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Medal of Honour: Airborne is joyous about parachuting and revels in sandbox play. While this is great fun, I'm a little uneasy at combining it with the real world death setting.
Remember that moment in Grosse Pointe Blank when John Cusack is trying to explain to Minnie Driver how he joined the army and became an assassin for the CIA? He explains that his 'psych profile fit a certain moral flexibility' and that killing people provoked no emotional reaction, except that after a while 'you get to enjoy it'. This speech frequently comes to mind when I play first person shooters.
It creeps up on me. I begin Medal of Honour: Airborne with the same look of wry cynicism on my face that's supposed to protect me from getting too dragged in. I shoot Nazis in the head and laugh at the ridiculous ease with which I despatch the first few. I sneer at the voice acting in the cut scenes. 'Is this historically accurate?' I wonder. This phase doesn't last long. Soon enough in a pitched street battle hiding behind some crates with only a handgun and a grenade, I'm left working out how on earth I'm supposed to remove the entrenched soldier behind the giant machine gun that keeps mowing down my fellow commandos.
Complete with moral flexibility takes about an hour to set in. High spot, sniper rifle, I'm now wondering what the respawn rate is as I squat in the bell tower overlooking the square. Bad guys rush out... crack! I'm merciless. Am I psychopath? I eventually stop because either I feel uncomfortable, I run out of bullets or just get bored. It's the getting bored bit that worries me.
I begin Medal of Honour: Airborne with the same look of wry cynicism on my face that's supposed to protect me from getting too dragged in.
Medal of Honour: Airborne certainly has the boredom factor at times. The checkpoints, even played on normal are hard to win that means you'll restart the game many times - which is a shame because one the game's most unique selling points is that you can start anywhere on the game map by virtue of parachuting in at the start of each mission.
To start with this is great fun, I felt a rush as the light in the plane went green and I ran into the wild blue yonder to free-fall over a war zone. Botch the landing and you're fumbling for your gun, get it right and you're ready to start kicking arse. It's an exciting and engaging way to begin a mission, you really do feel as if you can take everyone on and win.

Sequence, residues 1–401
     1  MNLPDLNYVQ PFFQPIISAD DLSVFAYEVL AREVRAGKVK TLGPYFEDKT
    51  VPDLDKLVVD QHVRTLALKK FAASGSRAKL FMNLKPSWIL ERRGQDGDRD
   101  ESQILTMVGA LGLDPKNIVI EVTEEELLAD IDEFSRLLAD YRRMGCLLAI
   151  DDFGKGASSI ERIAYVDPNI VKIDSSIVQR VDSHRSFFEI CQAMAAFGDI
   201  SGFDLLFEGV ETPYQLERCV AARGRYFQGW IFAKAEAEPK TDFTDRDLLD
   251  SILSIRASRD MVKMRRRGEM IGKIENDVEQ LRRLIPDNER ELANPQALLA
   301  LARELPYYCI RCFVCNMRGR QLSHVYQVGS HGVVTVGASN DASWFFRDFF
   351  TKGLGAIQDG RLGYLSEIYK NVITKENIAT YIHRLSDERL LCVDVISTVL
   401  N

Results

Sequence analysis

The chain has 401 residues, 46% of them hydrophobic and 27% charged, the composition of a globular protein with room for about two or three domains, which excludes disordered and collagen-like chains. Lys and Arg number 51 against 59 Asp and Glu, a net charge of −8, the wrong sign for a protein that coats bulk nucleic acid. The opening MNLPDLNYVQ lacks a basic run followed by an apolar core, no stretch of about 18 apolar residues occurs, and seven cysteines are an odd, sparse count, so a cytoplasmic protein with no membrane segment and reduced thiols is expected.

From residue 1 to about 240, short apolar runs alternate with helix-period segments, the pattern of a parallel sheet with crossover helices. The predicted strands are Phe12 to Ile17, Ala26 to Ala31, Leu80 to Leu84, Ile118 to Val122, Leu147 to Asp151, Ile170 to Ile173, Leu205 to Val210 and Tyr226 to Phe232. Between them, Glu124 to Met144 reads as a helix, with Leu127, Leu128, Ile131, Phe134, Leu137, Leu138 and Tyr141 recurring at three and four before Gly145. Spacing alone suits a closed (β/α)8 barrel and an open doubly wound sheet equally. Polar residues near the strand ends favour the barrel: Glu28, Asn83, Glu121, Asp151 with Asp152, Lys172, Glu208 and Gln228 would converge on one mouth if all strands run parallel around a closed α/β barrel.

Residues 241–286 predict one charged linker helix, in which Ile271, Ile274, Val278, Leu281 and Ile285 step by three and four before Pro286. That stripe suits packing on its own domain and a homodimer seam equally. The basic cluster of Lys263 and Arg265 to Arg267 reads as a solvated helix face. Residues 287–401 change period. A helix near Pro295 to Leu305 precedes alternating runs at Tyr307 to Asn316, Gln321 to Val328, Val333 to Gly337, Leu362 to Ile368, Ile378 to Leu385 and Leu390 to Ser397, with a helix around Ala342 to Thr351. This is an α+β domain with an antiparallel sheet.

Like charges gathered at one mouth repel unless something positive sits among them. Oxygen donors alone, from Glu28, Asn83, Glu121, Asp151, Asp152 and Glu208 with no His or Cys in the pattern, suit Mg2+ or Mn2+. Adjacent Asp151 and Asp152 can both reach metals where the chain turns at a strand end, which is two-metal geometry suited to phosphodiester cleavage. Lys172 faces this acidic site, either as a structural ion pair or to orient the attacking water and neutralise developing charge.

It turns into a brightly coloured Nintendo skill contest.
Now, because it's such a long way to the next checkpoint the chances are you'll be Nazi food many times over. You soon realise however that the whole game map is basically full of places to drop on to including the rooftops of churches, towers, through open windows. Some of these 'skill drops' have bonuses attached. Suddenly instead of being a deadly serious game about World War 2 it's a brightly coloured Nintendo skill contest where, on completing a successful jump you rather hope your soldier will turn around and give you a thumbs-up.
And that's where Medal of Honour: Airborne is a different emotional experience. Yes, you do get engaged with conquering the mission objectives, giving the Nazi's what-for and going for death or glory, but only for a limited time. Its sandbox nature means you can complete objectives non-sequentially, provoking the sort of mischief you enjoy in Grand Theft Auto - : killing just for the fun of it, pissing about with grenades and trying to parachute into a tank.
Strangely though, this light relief doesn't ease my pangs of moral flexibility. If anything, the light hearted approach I'm taking to dispatching the enemy is a little more worrying. Because Medal of Honour: Airborne doesn't have the impact or fear of Modern Warfare or Gears of War, you simply don't care when your fellow soldiers get blown-up and even less so when you dispatch an enemy.
It's here that I'm more likely to act like a real killer - Grosse Pointe Blank style.
Some distance from the game and I realise I'm pretty uneasy with all this. It's here, rather than with the visceral bone shattering realities of Call or Duty, Gears of War or Uncharted 2 that I'm more likely to act like a real killer - Grosse Pointe Blank style.
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